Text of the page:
Vic Fedeli Dodges Question About Intimate Cannabis Oil For Sale In Ontario

Asked Wednesday by reporters at the Ontario Legislature if the intimate spray is an appropriate product for the province to be selling, Finance Minister Vic Fedeli would only say: "Well leave it to the … Ontario Cannabis Store to continue to put products out there that the people of Ontario are looking forward to purchasing."

Asked Wednesday by reporters at the Ontario Legislature about the appropriateness of the spray, Finance Minister Vic Fedeli would only say: "Well leave it to the … Ontario Cannabis Store to continue to put products out there that the people of Ontario are looking forward to purchasing."

The 30-millilitre bottle of Fleur de Lune Intimate Spray, which has been approved by Health Canada, sells online for $82.95 and yields about 300 shots of mist.

"Its a product like many that are used today for intimate areas of the body, but it should be labelled as such … obviously theres a mistake there that needs to be corrected, so we certainly will be following up with them to ensure that the right information is being given to consumers."

"The thing about cannabis is that one of the largest areas of concentrations of cannabinoid receptors in the body is in fact the skin," Lake said Wednesday from Gatineau, Que.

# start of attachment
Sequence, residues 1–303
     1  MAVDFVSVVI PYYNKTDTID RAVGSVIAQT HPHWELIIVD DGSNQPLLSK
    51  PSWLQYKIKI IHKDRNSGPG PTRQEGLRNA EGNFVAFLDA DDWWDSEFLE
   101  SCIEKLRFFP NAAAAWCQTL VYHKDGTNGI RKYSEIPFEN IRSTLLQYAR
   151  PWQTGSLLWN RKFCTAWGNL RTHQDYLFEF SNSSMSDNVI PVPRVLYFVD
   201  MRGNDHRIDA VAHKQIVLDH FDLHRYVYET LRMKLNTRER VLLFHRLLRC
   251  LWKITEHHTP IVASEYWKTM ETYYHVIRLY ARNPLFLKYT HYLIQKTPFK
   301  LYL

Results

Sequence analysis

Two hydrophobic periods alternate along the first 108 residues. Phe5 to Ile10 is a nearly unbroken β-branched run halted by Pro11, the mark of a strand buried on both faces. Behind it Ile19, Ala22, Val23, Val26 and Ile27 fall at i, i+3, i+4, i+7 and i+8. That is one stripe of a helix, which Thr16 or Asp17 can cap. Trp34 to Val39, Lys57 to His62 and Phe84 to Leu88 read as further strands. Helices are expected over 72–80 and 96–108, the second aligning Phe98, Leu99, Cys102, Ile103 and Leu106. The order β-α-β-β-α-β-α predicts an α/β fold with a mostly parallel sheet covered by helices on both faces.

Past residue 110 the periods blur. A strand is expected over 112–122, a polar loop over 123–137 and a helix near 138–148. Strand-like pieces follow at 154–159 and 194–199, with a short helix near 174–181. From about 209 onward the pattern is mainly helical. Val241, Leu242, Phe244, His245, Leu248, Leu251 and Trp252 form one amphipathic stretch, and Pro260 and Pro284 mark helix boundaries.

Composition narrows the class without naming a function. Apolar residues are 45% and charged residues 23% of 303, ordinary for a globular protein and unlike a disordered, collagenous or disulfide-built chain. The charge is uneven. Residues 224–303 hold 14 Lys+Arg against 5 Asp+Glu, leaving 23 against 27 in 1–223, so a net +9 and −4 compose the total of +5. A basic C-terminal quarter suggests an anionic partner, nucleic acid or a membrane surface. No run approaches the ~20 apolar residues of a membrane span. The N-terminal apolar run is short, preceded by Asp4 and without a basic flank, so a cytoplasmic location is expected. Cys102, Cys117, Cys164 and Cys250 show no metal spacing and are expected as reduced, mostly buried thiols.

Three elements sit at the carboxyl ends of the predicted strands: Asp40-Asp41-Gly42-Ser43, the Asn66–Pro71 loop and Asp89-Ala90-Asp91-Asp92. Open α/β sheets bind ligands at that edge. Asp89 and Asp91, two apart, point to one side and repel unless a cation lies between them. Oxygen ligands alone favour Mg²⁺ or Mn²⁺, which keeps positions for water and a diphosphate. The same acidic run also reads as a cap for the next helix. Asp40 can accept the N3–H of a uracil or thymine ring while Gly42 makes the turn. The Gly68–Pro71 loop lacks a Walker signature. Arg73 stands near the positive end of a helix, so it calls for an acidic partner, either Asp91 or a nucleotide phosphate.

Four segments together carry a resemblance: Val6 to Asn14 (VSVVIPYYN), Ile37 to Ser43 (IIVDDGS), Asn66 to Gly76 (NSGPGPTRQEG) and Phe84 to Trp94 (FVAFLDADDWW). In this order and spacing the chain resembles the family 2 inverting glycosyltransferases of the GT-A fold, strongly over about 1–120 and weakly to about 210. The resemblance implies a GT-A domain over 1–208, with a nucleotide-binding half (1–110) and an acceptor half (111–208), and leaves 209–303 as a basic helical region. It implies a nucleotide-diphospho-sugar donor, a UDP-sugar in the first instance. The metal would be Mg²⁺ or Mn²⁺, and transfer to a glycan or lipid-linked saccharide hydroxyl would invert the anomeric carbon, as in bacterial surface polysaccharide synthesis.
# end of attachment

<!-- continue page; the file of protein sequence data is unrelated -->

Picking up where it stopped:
The product description was corrected by the Ontario Cannabis Store after The Canadian Press reached out for comment. But a spokesperson for the store did not respond to questions about how the error happened, or whether the spray is an appropriate product for the province to be selling.

How much of the spray a consumer should use at a given time is an individual decision, he said, "because when it comes to cannabis "everyone is different."

"So there is no one dose thats right for any one particular person … Everybody responds to cannabis in a different way, and it may be because genetically you respond differently. It may be because you havent used cannabis before, so you have a different tolerance level."

Thats why the marijuana industry advises consumers "to start low and go slow," Lake added. "See how you respond to the low dose and then go up gradually as you understand the effect its having on your body."

“It’s a product like many that are used today for intimate areas of the body, but it should be labelled as such … obviously there’s a mistake there that needs to be corrected, so we certainly will be following up with them to ensure that the right information is being given to consumers.” (As of publication, the product description had not been corrected.)

However, one critical aspect to note is that the cannabis-based spray is made with MCT (medium chain triglyceride) oil, which reacts chemically with latex — the substance from which most condoms are made.

As condoms are used to prevent pregnancy and sexually transmitted diseases, "you would have to be very careful," suggested Lake.